IBM again declines to open source OS/2

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IBM again declines to open source OS/2

IBM has confirmed that it will ignore a second petition to open source the OS/2 operating system..

OS/2 community site OS2World.com organised the second petition in an attempt to reverse a 2005 decision by IBM not to open source the operating system.

Over 11,000 people signed the petition in 2005, and a further 4,000 have now called for the software to be opened up.

IBM said in a letter to OS2World.com: "We have considered the positioning of OS/2 and open source several times in the past and, for a variety of business, technical and legal reasons, we have decided to not pursue any OS/2 open source projects.

"IBM has service offerings that continue to be available for customers who need ongoing support for OS/2, although IBM has no plans for product enhancements.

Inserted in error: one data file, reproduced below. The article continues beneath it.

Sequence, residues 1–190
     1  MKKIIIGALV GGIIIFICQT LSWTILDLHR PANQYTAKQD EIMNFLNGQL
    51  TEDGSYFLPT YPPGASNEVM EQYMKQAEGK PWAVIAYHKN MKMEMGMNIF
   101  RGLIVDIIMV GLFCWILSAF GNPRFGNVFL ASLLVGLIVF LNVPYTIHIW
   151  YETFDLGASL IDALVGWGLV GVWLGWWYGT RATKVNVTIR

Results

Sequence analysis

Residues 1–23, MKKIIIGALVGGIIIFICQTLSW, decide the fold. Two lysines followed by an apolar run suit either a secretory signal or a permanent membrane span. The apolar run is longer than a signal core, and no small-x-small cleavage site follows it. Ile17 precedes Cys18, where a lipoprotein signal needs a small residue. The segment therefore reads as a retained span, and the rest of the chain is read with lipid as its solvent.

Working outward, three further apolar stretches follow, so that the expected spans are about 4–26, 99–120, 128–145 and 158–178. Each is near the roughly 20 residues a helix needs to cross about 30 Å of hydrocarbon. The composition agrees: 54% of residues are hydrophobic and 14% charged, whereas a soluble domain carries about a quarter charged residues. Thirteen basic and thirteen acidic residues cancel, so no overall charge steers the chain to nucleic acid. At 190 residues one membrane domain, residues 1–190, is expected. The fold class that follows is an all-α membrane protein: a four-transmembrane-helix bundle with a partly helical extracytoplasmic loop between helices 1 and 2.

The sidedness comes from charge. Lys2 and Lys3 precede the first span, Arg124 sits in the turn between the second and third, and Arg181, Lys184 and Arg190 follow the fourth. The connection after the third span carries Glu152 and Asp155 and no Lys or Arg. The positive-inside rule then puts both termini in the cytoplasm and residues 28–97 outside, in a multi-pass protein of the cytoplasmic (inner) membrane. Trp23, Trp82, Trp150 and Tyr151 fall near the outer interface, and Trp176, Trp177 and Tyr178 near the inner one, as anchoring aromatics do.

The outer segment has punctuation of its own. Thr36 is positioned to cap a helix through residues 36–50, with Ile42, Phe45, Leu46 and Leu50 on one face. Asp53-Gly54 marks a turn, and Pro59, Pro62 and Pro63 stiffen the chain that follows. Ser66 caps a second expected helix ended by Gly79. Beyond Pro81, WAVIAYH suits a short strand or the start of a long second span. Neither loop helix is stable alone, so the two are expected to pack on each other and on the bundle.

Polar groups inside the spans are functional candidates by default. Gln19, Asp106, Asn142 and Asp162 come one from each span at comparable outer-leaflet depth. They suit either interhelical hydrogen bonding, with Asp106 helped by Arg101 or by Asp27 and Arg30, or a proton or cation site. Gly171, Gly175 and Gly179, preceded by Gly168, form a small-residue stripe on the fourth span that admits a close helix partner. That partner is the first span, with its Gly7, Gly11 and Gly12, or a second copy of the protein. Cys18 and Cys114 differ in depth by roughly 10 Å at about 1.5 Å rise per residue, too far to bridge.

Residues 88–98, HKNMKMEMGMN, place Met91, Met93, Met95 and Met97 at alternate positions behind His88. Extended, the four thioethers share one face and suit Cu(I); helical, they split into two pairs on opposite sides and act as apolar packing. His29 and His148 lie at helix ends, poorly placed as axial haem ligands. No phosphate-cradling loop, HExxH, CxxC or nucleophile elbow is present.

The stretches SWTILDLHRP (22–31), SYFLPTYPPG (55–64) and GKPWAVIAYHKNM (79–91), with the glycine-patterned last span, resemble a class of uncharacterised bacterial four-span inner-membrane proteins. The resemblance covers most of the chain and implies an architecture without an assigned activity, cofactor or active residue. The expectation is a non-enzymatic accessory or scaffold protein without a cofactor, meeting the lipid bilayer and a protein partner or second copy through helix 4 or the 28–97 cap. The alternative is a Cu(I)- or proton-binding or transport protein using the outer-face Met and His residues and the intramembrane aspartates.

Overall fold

"IBM has recommended that customers on OS/2 consider migration to alternative solution offerings, and has a broad array of software assets and services to help customers migrate."

OS/2 was originally developed by Microsoft and IBM as a successor to DOS and Windows-based operating systems. Microsoft pulled out of the project after two years of development in favour of Windows 3.0.

Some at IBM have accused Microsoft of deliberately sabotaging OS/2, but the operating system was never hugely popular since it did not come preloaded on the vast majority of computers and lacked crucial device drivers for non-IBM hardware.

IBM stopped supporting the operating system in 2006, but it still has a dedicated user base and is in use today at HSBC.

The software is still for sale under the name eComStation.

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